Here are a couple of examples of how the child tax credit will affect my children. I have a son with a wife and four kids who teaches at a school in San Francisco. They can only afford a home 15 minutes past the end of the BART line. He and his wife have lived the financial values that we taught him, but it has been a struggle at times. Their desire is for him to be the breadwinner, and his wife to be a stay-at-home parent. With the cost of living in California being so high, even being very frugal, it is difficult for them to make ends meet on a single income. The child tax credit is just enough that they can live in California on his teacher’s salary with a little more wiggle room. It is less likely that his wife will need to work outside of the home, and more likely that she will be able to focus more time and energy on raising those kids.

I have a son with seven children and a daughter with five children (and expecting twins) who live in Albuquerque. They both make a good middle-class income, but having so many children with just one income can be challenging. They will make good use of the tax credit to support their myriad children in their education and activities. In essence, this child tax credit is equivalent to a part-time job, without the parent needing to leave the home.

This tax credit is symbolic that children are a public good and deserve to be invested in.

I reached out to a wise former teaching assistant, Alex Gunderson, who graduated a few years ago, and asked his thoughts. He wrote to me: “The news of the increased child tax credit was a welcomed surprise for our young family of four. We are fortunate enough to have a modest income that provides for essentially all of our needs, and even some of our wants. However, the increased credit helps our family accelerate some of our important financial goals that otherwise would require more time and sacrifice, like investing in our children’s 529 plans and saving to buy a home that accommodates our growing family.”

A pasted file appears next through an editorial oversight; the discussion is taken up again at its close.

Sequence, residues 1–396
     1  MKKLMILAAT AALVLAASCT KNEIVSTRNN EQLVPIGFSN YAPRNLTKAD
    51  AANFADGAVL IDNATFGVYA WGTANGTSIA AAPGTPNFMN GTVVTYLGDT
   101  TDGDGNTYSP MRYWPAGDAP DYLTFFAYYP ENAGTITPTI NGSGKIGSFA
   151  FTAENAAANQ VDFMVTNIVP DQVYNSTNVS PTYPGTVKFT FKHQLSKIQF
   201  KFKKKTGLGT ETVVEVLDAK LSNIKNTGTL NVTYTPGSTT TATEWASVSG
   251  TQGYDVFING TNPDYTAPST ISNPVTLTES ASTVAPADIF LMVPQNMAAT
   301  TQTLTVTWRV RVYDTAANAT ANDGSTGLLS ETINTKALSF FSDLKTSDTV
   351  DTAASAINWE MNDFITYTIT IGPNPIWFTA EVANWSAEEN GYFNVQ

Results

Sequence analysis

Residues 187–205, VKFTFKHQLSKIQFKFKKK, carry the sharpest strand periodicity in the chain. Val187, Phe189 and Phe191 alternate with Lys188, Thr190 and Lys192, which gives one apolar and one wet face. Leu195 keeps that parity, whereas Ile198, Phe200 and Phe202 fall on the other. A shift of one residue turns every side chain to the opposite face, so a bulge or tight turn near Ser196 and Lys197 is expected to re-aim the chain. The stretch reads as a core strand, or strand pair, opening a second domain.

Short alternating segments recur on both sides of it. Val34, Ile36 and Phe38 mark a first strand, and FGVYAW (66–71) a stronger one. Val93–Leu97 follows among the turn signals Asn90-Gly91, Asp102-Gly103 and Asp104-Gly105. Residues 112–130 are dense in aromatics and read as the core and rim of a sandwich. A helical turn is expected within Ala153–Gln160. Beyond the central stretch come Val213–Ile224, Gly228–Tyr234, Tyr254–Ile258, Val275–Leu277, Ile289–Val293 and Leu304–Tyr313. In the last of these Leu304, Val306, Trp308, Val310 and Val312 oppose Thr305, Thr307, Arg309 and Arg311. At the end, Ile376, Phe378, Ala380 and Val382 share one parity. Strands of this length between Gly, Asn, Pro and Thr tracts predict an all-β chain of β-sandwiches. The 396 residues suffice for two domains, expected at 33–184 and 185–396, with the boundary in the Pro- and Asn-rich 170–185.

I guess what puts me over the top is that this tax credit is symbolic that children are a public good and deserve to be invested in. And as Alex wrote to me, “In my humble opinion, in light of the ever-growing government deficit and massive spending on economic recovery these past few years, a few thousand dollars per child per year represents a pretty scant investment by the government in the generation that will likely be called upon to bear the financial burden of the trillions of dollars spent for the sake of short-term economic recovery.”

I guess I am convinced. I can return to helping Cameran and Madelyn with their taxes, at peace with knowing that because of the child tax credit my children will pay fewer taxes and have more resources to teach their own children to be wise financial stewards.

About the author

E. Jeffrey Hill

Jeff Hill is a professor of family life at Brigham Young University. His research focuses on the balance between paid work and family life. In the private sector he was a pioneer in engineering corporate family policies. He has a PhD in Family and Human Development from Utah State.